The Golf Specialist

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The Golf Specialist
Directed by Monte Brice
Produced by Lou Brock
Written by W. C. Fields
Starring W. C. Fields
Allan Bennett
William Black
Naomi Casey
John Dunsmuir
Shirley Grey
Johnny Kane
Al Wood
Cinematography Frank Zucker
Edited by Russell G. Shields
Distributed by RKO Pictures
Release date
  • August 22, 1930 (1930-08-22)
Running time
20 min.
Country United States
Language English

The Golf Specialist is a 1930 comedy short subject from RKO Pictures, starring W. C. Fields. It was his first talkie. The film was shot in Fort Lee, New Jersey when many early film studios in America's first motion picture industry were based there in the early part of the 20th century.[1][2][3]

The film features lines such as "I would never hit a woman, not even my own mother" and "Stand clear and keep your eye on the ball", a line Fields also used in the golf scene in The Dentist (1932). Fields reprised the entire golf scene in You're Telling Me! (1934).


J. Effingham Bellwether (W. C. Fields) is a guest in a hotel, where he meets the House Detective's wife (Shirley Grey) who likes to flirt with other men. After brief encounters with a little girl (Naomi Casey) and the House Detective (John Dunsmuir), Bellwether offers to teach the Detective's Wife how to play golf.

The two of them and their Caddy (Allen Wood) go out to the golf course, but Bellwether never gets to hit the ball; his lessons are being constantly interrupted by such distractions as the Caddy's squeaking shoes, pieces of paper being blown by the wind into his path, accidentally stepping into a pie that the Caddy had brought, et cetera.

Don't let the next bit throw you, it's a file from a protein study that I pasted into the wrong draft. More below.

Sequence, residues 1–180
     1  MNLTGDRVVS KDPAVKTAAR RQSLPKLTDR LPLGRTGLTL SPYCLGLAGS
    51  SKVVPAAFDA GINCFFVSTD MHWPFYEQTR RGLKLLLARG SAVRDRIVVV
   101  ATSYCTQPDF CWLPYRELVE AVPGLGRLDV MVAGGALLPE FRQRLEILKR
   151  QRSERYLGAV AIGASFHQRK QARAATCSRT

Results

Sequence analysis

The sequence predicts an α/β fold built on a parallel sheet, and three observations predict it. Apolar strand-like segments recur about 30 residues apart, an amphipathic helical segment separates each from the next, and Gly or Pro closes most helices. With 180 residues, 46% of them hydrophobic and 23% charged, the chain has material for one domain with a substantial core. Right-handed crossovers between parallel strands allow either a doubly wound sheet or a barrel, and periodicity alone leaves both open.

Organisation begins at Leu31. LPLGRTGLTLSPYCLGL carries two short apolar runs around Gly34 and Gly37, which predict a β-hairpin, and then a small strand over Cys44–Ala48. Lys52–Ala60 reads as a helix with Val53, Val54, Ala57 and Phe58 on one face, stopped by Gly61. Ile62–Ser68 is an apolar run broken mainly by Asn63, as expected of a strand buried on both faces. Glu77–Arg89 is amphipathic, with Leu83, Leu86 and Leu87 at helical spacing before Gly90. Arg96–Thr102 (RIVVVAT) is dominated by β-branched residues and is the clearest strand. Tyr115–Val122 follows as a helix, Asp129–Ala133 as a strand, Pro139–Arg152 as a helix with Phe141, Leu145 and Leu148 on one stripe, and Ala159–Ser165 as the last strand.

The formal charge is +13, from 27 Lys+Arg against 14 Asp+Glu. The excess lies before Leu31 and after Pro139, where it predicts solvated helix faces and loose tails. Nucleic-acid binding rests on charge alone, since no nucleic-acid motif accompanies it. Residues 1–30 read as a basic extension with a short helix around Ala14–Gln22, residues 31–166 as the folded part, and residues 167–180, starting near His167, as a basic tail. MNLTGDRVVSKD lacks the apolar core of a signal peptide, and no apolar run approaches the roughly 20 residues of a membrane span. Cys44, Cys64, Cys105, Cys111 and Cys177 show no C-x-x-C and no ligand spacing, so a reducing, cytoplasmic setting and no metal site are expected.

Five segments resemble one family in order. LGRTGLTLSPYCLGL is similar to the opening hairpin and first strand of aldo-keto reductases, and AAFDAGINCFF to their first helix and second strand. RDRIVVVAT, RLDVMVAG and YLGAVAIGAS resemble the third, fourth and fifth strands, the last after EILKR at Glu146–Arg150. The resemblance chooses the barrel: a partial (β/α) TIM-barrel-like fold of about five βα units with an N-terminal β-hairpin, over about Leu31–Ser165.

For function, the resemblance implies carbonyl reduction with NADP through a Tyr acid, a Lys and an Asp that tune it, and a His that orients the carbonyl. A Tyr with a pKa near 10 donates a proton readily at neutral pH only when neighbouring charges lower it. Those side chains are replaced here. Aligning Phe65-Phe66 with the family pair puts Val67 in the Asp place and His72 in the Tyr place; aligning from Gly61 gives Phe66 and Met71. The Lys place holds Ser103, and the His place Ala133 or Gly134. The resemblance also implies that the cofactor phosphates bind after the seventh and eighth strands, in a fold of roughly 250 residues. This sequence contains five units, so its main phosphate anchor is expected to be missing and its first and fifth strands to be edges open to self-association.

At the end, the police and the House Detective come out to the course to arrest con artist Bellwether for a list of absurd crimes (such as "Eating spaghetti in public" and "Teaching the facts of life to an Indian"); the police put handcuffs on him just as he's showing the Detective's Wife the importance of keeping the wrists close together while gripping the club.


  • The Golf Specialist is one of three W. C. Fields short films that fell into the public domain after the copyright lapsed in the 1960s (the other two being The Dentist and The Fatal Glass of Beer). As such, these three films frequently appear on inexpensive video or DVD compilations.[4]


  1. ^ Koszarski, Richard (2004), Fort Lee: The Film Town, Rome, Italy: John Libbey Publishing -CIC srl, ISBN 0-86196-653-8 
  2. ^ "Studios and Films". Fort Lee Film Commission. Retrieved 2011-05-30. 
  3. ^ Fort Lee Film Commission (2006), Fort Lee Birthplace of the Motion Picture Industry, Arcadia Publishing, ISBN 0-7385-4501-5 
  4. ^ DVD writeup

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